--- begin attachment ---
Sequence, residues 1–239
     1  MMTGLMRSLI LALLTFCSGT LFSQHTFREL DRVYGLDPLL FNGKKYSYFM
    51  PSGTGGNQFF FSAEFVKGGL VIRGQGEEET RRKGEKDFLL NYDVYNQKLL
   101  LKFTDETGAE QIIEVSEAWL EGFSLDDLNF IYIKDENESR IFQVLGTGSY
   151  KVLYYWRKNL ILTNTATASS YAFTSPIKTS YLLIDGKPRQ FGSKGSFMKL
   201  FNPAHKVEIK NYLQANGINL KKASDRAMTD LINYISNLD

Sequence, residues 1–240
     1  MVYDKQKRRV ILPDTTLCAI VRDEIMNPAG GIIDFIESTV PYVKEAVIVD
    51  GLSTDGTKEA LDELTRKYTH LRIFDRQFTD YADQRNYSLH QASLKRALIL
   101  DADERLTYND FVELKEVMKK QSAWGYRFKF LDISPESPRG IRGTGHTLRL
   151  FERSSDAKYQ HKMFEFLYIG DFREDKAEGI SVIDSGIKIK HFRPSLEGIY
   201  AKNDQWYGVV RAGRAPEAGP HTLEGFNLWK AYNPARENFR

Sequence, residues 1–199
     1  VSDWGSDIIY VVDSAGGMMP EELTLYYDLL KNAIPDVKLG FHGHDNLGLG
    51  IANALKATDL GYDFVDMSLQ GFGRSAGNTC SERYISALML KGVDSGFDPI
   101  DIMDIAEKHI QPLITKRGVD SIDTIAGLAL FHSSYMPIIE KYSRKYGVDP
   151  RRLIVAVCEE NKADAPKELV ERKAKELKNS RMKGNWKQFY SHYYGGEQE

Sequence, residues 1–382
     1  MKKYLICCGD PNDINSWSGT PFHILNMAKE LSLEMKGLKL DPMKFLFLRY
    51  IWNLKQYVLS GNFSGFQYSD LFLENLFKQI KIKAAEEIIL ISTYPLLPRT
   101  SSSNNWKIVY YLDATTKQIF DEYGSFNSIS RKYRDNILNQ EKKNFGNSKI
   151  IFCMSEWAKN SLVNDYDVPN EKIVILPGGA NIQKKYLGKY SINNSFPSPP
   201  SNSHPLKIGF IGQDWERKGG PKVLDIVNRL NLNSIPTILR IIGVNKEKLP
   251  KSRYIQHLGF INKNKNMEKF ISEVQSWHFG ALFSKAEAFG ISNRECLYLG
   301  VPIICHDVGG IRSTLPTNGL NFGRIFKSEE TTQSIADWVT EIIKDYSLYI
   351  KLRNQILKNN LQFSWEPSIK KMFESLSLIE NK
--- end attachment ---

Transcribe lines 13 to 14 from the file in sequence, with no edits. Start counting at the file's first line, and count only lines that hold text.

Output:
Sequence, residues 1–199
     1  VSDWGSDIIY VVDSAGGMMP EELTLYYDLL KNAIPDVKLG FHGHDNLGLG